1 of 3
2 of 3
3 of 3
The challenge of building Canadian Music Week's film component, I would imagine, is the general sameness of rockumentaries. It can't be easy to find projects that offer more than a formulaic Behind The Music exploration of a given band's rise, fall and triumphant re-emergence.
I haven't seen all the titles in the 2013 edition of the CMW Film Fest, but the docs that were available to screen - many of which played at South By Southwest earlier this month - do a good job of avoiding those pitfalls.
Ain't In It For My Health: A Film About Levon Helm (Thursday, 7 pm) was completed in 2010, two years before the death of the man who was arguably the Band's most valuable player. Now, with Helm's passing not even a year behind us, Jacob Hatley's documentary gives us a record of the 70-year-old musician's personal chaos, professional disarray and failing health - which he faced with the same genial orneriness that defined him in his youth. Weirdly enough, it left me certain that Helm went out happy.
Ron Chapman's Who The F**k Is Arthur Fogel? (Friday, 7 pm) points the camera at the chairman of global music for Live Nation. A fixture on Billboard's Power 100, Fogel is a veteran tour producer who's worked with Madonna, U2 and Sting, among others, and recently helped Lady Gaga up her stage game when she graduated to stadium tours. Fogel will be doing a keynote interview Friday afternoon as part of CMW, so this would be smart programming even if it didn't illuminate an aspect of the industry that rarely gets much serious attention.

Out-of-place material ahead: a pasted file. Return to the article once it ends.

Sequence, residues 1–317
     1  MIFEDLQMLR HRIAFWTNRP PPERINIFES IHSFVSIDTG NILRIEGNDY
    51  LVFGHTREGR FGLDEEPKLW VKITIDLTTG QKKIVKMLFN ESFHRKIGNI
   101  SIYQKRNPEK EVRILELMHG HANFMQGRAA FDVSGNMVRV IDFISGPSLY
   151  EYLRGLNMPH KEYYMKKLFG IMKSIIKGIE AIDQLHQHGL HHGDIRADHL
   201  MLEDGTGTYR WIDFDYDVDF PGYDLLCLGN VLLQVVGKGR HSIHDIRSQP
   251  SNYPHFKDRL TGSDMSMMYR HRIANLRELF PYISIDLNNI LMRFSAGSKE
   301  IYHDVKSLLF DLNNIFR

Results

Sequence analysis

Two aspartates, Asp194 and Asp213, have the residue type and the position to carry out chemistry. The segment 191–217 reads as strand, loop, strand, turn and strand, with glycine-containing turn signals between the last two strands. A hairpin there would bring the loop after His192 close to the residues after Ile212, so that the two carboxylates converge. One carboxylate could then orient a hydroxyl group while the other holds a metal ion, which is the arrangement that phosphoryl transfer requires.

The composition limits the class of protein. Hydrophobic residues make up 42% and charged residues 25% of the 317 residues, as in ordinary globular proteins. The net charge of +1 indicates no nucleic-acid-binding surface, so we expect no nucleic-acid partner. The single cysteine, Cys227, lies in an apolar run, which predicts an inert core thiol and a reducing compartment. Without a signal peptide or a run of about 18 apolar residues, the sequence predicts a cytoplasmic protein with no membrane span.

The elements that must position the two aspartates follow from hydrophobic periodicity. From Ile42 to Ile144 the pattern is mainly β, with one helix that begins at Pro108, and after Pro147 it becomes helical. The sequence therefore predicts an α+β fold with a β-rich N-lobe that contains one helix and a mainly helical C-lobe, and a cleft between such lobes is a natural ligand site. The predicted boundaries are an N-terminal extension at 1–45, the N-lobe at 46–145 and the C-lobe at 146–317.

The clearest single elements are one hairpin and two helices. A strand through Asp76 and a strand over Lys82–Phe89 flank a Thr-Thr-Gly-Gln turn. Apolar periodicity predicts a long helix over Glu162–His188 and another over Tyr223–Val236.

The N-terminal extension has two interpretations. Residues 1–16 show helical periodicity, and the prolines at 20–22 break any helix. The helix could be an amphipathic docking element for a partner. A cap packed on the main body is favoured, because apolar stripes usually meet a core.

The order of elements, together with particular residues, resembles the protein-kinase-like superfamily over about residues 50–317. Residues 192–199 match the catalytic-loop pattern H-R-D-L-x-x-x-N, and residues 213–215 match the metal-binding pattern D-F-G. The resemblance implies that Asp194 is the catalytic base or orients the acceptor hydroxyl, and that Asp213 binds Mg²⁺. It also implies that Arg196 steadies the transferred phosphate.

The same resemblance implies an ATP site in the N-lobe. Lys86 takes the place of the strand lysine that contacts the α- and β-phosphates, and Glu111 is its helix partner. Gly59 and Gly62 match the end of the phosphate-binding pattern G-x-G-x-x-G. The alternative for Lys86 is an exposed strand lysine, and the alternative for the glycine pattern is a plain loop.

Saturday afternoon offers a matinee of Colin Brunton and Kire Paputts's The Last Pogo Jumps Again (Saturday, 12:30 pm), which makes Brunton's invaluable short The Last Pogo - which recorded the Horseshoe's final punk showcase in 1978 - the cornerstone of a three-and-a-half-hour doc covering Toronto's punk scene in the 70s. There will be an intermission. You will need it.
As is often my experience with film festivals, the movie I most want to see wasn't available for preview: Drew DeNicola's Big Star: Nothing Can Hurt Me (Saturday, 9:15 pm), which looks at the history and legacy of Alex Chilton's seminal power pop band, which was as unsuccessful as it was influential.
There's also a sneak preview of Spring Breakers (Thursday, 9:15 pm). Given the momentum Harmony Korine's film featuring Disney stars going wild has been building since breaking out at the Toronto Film Festival last fall, I expect that will be a total zoo. You might want to wait until its commercial release next week. Unless the zoo thing appeals to you, of course.
It'll likely be the closest thing to a rock show the CMW Film Fest produces all weekend.